Super! Thank you.
On Thu, Jan 29, 2015 at 7:51 AM, Matthew Flatt <mfl...@cs.utah.edu> wrote:
> At Wed, 28 Jan 2015 16:21:51 -0700, Byron Davies wrote:
> > Your code, commented:
> > (define orig-i (current-inspector)) ; saves the original inspector
> > (define sub-i (make-inspector orig-i)) ;make a new inspector whose
> > is the original inspector
> > (current-inspector sub-i) ;makes the new inspector the current inspector
> > (struct a (x)) ; creates a structure using the new inspector as the
> > default inspector
> > (define v (a 1)) ; creates an instance of the new structure
> > (current-inspector orig-i) ;reverts the inspector to the original (the
> > parent of the new inspector)
> > I see how this works, but I'm a little confused about why it works. I
> > that the new inspector is a child of the old one, and I read in the
> > reference chapter that access is determined not by the inspector in force
> > at creation time, but by the parent of that inspector, i.e., the old
> > inspector. I can't find any description of the "power" of an inspector,
> > except that the parent is more powerful.
> > Are there degrees of power? Or if you have access to the parent do you
> > all the power you can have?
> There are degrees only in that you can have a hierarchy of inspectors.
> Inspector I is more powerful than inspector J if I is an ancestor of J.
> I'll try to improve the docs, such as replacing "more powerful than"
> with "an ancestor of".
> > I see that the inspector gives you access to
> > the data in a structure instance, but does it also give you access to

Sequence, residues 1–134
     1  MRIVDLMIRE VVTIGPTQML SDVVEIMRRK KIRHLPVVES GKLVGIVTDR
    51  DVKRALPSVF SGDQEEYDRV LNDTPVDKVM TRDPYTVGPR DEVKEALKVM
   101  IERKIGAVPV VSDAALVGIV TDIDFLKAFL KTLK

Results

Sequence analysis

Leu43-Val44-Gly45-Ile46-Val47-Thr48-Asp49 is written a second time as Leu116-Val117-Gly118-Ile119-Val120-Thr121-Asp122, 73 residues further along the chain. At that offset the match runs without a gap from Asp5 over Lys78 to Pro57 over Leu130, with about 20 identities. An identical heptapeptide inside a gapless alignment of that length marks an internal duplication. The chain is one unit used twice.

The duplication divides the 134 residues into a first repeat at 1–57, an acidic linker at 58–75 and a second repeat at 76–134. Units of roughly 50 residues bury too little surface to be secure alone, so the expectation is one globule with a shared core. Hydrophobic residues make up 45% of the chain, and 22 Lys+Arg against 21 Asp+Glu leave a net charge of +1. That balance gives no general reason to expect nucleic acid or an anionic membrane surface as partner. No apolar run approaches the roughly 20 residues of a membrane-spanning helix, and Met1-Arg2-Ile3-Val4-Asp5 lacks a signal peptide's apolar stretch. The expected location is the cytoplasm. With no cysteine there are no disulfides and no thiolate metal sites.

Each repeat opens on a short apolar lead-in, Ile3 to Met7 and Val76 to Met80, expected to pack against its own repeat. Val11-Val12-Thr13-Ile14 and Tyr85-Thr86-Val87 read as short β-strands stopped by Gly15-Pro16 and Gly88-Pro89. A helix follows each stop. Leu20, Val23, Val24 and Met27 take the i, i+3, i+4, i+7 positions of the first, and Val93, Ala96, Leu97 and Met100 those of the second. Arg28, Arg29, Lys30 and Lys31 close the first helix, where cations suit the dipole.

> > meta-data, so that I know that the name of the first field in struct a
> is x?
> You get access to all the metadata.
> It turns out that fields currently have only positions, not names, but
> that choice was not a good one. We plan to add support for field names
> in the near future, in which case the information will be accessible
> through an inspector.
> > I also don't understand how the root inspector works. I have found that
> > setting (current-inspector root-inspector) delivers endless left parens
> > the (a 1) example, presumably because the display function recursively
> > tries to inspect the components of the struct, all the way down.
> That's a problem in the pretty printer. The pretty printer's
> implementation includes
> [(struct? v) ....]
> [(unquoted? v) ....]
> where `unquoted` is an internal structure. By setting the inspector to
> the root inspector, a value that satisfies `unquoted?` also satisfies
> `struct?`, and so printing doesn't reach the intended case. I'll push a
> > Finally, does this also work for classes?
> Yes. Reflective access to information via `object-info` and
> `class-info` is controlled by inspectors.
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